The study — from the Covid-19 forecasting team at the University of Washington’s Institute for Health Metrics and Evaluation — notes that, in September, only about 49% of US residents reported that they “always” wear a mask in public.
If mask-wearing is 49% through February and states continue with removing social distancing mandates, the Covid-19 death toll across the United States could reach about 1 million deaths by February 28, according to the study, published in the journal Nature Medicine on Friday.
Yet under the assumption that states shut down when their daily death rate exceeds 8 deaths per 1 million people in the population but mask-wearing doesn’t change, the study’s model projections forecast the death toll could reach 511,373 deaths by February 28.
The scenario that 95% of people in each state wear masks — in addition to states reinstating social distancing mandates if their daily death rates exceed 8 deaths per 1 million people — resulted in the lowest death toll projection, with 381,798 deaths by February 28, according to the study.
For the study, the researchers analyzed data on Covid-19 cases and deaths in the United States from February 1 through September 21. That analysis — along with other factors, such as pneumonia seasonality, testing rates and mask use — helped inform model projections for the course of the pandemic through February 28.
The study had some limitations, including that the findings are only forecast projections from models and not definitive about what the future holds — and mask wearing tends to fluctuate, so the 49% figure used in the study appears to now be outdated.
IHME Director Dr. Chris Murray also emphasized during a virtual press briefing on Friday that the institute’s weekly modeling projections provide more updated data than what is provided in the study. However, the study still helps offer insight into how mask-wearing can make a difference.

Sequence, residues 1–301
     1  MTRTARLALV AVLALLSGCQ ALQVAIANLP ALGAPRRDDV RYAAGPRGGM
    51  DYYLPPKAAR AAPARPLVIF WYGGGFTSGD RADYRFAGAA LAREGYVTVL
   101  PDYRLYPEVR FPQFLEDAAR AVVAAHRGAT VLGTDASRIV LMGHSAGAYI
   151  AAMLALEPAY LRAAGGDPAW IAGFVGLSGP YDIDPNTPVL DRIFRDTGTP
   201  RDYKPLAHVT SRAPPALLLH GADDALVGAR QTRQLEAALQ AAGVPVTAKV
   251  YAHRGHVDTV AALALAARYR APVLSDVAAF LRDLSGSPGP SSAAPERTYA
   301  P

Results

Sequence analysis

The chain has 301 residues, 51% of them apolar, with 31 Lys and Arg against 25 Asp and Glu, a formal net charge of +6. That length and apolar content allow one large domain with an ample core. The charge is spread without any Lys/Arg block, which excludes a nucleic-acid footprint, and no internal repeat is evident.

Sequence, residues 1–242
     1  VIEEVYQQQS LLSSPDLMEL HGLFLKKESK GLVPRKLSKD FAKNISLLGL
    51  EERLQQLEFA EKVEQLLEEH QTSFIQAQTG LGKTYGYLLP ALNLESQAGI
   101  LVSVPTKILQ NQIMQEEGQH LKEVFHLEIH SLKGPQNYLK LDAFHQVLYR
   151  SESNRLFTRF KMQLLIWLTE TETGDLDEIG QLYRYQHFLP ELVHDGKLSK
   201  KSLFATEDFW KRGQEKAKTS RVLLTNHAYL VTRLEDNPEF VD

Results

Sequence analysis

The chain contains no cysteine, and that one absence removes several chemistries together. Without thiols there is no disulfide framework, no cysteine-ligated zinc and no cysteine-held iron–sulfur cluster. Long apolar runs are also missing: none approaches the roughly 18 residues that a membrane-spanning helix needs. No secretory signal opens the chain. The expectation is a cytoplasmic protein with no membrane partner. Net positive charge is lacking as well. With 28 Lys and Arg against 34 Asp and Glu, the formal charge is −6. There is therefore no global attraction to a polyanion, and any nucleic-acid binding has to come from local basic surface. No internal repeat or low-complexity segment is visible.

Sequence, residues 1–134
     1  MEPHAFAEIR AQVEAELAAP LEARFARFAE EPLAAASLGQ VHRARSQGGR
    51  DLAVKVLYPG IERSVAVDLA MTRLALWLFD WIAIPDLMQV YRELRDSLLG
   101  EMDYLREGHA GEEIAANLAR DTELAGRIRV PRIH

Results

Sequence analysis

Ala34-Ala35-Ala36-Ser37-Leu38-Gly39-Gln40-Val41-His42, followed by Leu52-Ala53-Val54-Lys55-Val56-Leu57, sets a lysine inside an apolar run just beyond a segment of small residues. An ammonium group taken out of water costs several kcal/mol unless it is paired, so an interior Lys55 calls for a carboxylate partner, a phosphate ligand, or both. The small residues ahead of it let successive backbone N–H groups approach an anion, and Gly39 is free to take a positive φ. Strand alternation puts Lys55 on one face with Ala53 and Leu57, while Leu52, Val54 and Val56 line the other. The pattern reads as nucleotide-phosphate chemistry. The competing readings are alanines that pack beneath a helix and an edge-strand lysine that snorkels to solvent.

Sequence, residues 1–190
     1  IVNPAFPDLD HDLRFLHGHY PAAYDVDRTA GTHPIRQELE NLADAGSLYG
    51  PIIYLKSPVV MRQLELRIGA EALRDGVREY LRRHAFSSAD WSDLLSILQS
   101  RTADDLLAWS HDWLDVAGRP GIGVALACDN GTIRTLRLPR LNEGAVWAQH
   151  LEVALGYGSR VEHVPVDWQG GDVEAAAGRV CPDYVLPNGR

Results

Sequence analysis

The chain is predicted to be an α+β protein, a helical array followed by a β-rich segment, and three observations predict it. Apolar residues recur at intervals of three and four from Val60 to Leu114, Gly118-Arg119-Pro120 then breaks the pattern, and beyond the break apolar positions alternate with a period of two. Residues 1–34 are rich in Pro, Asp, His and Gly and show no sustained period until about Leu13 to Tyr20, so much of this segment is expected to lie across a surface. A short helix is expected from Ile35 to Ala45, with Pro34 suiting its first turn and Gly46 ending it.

“We think the key point here is that there’s a huge winter surge coming and our models have been showing that for many months,” Murray said on Friday.
“You can see in the paper what universal masks can do and they blunt quite a bit of the surge or delay it,” he said. “I think it’s very difficult at the point where we are in the US — where there’s so much community transmission of the virus — to prevent some fall winter surge, but we can certainly make it much smaller.”
Murray said that “the long-range view” provided in the study “is very important for helping decision-makers — governors, federal government, other actors — think about what we need to do.”
On Thursday night, in separate projections, IHME’s model of the coronavirus pandemic predicted 385,611 coronavirus deaths in the US by February 1 — slightly fewer than last week’s forecast for the same time frame. But the institute says case counts and deaths are up across the US.
“In the last week, the increase in daily cases has become much clearer, and for the first time since early August, daily deaths have begun to rise. We believe that the fall/winter surge has begun, albeit several weeks behind the massive surge in Europe,” IHME said in its weekly update.
“The fall/winter surge will intensify in November and December, reaching a peak in January. Many states will face enormous pressure on hospital capacity and will likely have to re-impose some social distancing mandates. The best strategy to delay re-imposition of mandates and the associated economic hardship is to expand mask use.”